Type section and use of name: The name Livingston Limestone was first used by Worthen (1875, p. 11-19) for exposures near Livingston in Clark County, Ill. The type section consists of an upper limestone, 6.5 feet (2.0 m) thick a middle clay, shale, and thin coal, 4.5 feet (1.4 m) thick and a lower limestone, 14 feet (4.3 m) thick. This unit is now recognized as a member of the Bond Formation both in Illinois (Kosanke and others, 1960, p. 39, 83) and in Indiana (Wier, 1960, 1961, 1965).
Description: The Livingston Limestone Member is the upper member of the Bond Formation and is present in only two areas in Indiana. In western Sullivan County near Merom and Graysville, the unit consists of two beds of limestone separated by as much as 25 feet (7.6 m) of gray to black shale and a thin coal. The upper bed is buff to light-gray crystalline fossiliferous limestone containing abundant fenestelloid bryozoans and small brachiopods. The lower bed is dark gray, argillaceous, and nodular and contains crinoid columnals. In the Mumford Hills in northwestern Posey County and southwestern Gibson County, the Livingston Limestone Member is not conspicuously present but has been noted in drilling records as a thin limestone.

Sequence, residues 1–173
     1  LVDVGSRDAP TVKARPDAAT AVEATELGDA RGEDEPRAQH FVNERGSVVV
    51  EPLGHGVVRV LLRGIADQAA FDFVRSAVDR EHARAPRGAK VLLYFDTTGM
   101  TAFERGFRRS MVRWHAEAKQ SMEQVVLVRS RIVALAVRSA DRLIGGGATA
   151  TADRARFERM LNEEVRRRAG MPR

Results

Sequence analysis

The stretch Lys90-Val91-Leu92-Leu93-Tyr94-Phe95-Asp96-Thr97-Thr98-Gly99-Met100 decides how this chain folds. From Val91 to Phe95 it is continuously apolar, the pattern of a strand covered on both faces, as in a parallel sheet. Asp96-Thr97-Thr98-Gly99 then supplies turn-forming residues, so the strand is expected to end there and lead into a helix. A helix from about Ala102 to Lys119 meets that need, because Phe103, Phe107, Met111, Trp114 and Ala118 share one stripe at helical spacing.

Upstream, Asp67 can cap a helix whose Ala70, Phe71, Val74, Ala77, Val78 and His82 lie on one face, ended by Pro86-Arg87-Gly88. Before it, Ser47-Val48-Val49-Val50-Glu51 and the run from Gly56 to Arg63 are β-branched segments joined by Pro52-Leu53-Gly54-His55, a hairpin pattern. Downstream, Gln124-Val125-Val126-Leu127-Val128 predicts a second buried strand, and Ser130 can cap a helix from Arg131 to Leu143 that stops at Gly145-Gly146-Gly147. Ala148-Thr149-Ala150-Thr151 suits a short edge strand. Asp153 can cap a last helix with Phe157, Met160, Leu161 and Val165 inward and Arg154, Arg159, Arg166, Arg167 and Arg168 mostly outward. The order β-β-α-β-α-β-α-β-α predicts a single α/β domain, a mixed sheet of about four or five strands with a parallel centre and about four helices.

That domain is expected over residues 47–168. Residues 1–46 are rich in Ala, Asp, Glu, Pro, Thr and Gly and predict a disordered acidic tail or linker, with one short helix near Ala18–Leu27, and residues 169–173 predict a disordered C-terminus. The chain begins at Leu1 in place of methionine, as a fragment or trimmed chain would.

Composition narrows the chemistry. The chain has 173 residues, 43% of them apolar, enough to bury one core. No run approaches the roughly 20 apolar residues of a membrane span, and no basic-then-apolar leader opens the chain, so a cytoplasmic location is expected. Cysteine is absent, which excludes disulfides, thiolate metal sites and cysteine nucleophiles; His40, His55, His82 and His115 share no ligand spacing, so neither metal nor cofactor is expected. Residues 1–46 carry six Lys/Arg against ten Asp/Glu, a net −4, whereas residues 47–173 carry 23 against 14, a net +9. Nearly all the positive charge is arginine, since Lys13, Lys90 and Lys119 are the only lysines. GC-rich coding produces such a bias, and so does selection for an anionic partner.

Correlation: The Livingston member in Indiana was early miscorrelated with the West Franklin Limestone Member of the Shelburn Formation (Collett, 1874; Ashley, 1899; and Shrock and Malott, 1929). This member of the Bond Formation, however, correlates with the Livingston and Millersville Limestone Members of the Bond Formation in Illinois.